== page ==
Sierra/Affinity Masters Its Pitches for Maximum Marketing

During the 2000s, Nick Meyer, who as the head of Sierra/Affinity, is the recipient of Variety’s Achievement in International Film Awards at this year’s Cannes festival, experienced a career’s worth of film-market fluctuations, a heady period when he headed international for Lionsgate and then led Paramount Vantage.

When Meyer decided to form Sierra Pictures in 2009, he faced even stiffer headwinds, as the global financial crisis and dramatic changes in technology and audience viewing habits rewired the industry.

Transition gradually revealed openings for his new company, though, as major studios stepped back from the very films that Meyer knew how to mount: mid-budget prestige and genre fare. It wasn’t that those kinds of films had ever gone out of fashion; it was their financial model that no longer made sense for large multinational backers. Eventually, Sierra/Affinity (rebranded after a 2011 merger with OddLot-Bold Films sales outfit Affinity Intl.) would move to the front ranks of the global sales and production sector and nimbly affiliate with a range of profitable and decorated projects.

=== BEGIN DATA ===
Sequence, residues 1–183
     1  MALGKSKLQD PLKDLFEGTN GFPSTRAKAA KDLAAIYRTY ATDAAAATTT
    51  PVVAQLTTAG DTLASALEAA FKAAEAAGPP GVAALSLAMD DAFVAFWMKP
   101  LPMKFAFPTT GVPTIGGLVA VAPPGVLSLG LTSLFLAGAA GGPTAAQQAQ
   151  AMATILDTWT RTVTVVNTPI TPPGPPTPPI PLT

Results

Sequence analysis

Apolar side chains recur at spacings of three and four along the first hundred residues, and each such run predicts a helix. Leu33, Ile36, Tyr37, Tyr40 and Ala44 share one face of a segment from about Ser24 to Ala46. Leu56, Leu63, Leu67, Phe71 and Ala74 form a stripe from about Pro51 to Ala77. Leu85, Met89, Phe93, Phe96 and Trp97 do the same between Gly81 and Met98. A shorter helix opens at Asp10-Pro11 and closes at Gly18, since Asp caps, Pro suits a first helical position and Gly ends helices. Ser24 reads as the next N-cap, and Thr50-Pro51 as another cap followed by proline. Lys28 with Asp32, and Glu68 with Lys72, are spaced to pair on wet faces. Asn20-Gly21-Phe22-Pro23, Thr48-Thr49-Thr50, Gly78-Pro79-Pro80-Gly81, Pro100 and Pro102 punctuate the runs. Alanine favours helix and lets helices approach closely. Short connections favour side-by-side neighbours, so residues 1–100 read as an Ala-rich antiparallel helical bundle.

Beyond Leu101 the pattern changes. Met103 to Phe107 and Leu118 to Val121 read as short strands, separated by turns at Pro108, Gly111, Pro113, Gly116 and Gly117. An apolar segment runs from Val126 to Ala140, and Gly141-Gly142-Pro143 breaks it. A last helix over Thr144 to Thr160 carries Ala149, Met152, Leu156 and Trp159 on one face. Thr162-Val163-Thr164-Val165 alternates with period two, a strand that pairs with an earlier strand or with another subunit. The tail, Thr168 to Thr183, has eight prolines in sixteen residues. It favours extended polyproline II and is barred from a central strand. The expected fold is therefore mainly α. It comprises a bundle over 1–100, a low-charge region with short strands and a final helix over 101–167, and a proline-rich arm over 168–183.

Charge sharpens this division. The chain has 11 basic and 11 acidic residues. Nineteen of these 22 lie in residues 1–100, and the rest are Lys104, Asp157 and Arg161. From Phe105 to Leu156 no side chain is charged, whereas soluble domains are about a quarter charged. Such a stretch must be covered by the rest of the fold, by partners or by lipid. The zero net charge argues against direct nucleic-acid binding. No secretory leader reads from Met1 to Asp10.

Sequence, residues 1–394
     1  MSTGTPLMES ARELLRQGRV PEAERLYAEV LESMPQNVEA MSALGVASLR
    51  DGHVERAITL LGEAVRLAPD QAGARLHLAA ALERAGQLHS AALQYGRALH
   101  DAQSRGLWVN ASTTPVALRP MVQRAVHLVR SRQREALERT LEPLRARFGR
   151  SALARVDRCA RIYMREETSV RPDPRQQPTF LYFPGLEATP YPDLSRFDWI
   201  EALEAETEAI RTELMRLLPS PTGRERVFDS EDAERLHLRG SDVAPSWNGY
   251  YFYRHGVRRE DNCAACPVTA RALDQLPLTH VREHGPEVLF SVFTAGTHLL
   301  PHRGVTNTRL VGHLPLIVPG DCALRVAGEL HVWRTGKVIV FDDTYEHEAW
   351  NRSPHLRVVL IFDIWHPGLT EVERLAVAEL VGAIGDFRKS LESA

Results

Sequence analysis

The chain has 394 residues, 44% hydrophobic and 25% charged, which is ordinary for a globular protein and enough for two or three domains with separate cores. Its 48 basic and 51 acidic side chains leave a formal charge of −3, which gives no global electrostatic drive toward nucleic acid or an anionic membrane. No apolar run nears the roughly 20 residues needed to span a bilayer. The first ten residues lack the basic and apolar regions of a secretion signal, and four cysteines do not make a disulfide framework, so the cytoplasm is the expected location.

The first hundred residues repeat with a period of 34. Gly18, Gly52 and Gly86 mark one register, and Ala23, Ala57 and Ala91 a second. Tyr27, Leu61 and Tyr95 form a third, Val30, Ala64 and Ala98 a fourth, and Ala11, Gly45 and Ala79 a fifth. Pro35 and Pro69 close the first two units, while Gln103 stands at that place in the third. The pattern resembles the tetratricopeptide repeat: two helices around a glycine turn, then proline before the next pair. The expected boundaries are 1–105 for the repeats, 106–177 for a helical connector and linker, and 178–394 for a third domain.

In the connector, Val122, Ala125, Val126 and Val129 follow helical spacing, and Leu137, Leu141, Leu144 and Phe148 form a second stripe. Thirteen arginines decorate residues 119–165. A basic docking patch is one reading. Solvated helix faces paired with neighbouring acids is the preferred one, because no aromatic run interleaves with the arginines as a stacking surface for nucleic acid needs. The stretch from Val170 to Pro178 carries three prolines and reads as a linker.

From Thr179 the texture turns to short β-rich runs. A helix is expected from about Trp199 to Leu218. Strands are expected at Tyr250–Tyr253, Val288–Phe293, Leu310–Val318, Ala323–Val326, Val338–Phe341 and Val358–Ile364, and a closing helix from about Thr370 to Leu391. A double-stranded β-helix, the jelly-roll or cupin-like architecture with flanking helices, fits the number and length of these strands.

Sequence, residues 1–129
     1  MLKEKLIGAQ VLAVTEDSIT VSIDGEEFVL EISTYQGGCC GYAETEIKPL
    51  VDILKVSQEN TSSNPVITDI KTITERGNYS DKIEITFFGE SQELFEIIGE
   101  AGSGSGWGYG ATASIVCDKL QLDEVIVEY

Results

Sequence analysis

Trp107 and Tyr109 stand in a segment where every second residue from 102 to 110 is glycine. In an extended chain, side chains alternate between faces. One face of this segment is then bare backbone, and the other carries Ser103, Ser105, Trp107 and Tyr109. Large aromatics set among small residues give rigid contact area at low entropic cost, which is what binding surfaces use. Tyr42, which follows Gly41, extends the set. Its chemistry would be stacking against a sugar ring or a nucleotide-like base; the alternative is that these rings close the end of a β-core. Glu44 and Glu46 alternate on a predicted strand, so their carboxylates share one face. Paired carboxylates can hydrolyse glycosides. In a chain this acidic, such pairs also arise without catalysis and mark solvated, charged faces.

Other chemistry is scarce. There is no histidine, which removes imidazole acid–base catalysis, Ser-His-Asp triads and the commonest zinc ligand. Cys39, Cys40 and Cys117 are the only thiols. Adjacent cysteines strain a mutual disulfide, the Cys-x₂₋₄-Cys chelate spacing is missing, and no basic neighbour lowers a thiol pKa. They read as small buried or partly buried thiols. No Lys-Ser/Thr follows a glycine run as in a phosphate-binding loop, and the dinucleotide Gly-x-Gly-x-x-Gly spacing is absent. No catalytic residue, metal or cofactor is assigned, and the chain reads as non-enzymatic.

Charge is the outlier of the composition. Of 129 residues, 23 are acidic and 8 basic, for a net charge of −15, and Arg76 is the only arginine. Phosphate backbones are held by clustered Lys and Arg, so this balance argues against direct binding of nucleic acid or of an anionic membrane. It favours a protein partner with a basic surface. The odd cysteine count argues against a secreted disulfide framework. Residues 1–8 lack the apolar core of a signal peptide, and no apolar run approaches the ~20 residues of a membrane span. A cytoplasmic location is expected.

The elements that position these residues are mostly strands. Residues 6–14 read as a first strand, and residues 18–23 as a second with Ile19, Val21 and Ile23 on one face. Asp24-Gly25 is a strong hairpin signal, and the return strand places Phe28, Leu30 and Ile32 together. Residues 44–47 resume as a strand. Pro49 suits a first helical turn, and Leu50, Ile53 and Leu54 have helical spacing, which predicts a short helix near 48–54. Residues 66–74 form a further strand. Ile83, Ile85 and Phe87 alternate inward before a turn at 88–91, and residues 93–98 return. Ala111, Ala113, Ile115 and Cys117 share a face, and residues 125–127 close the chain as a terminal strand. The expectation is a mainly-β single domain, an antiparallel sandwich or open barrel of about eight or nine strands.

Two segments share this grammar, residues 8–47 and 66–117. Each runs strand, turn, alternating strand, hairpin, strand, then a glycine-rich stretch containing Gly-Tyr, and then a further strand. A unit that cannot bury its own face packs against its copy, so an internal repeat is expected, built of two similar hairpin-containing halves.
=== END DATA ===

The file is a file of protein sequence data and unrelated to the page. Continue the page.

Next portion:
On the sales front, it has repped breakouts such as “Manchester by the Sea” and “Whiplash,” while its own production slate has matured to yield titles like this summer’s spy adventure “Atomic Blonde,” whose world premiere at South by Southwest drew raves.

“We don’t often take a moment to look back,” says Meyer “On occasion, we say, ‘This is what we built.’ The company to some extent resembles what we talked about eight years ago, after making it through all of the vicissitudes and challenges.”

Marc Schaberg, the company’s co-president and chief operating officer, says seeing the original business plan to fruition “has taken a little bit longer than you’d hope, but that’s the way things always are.”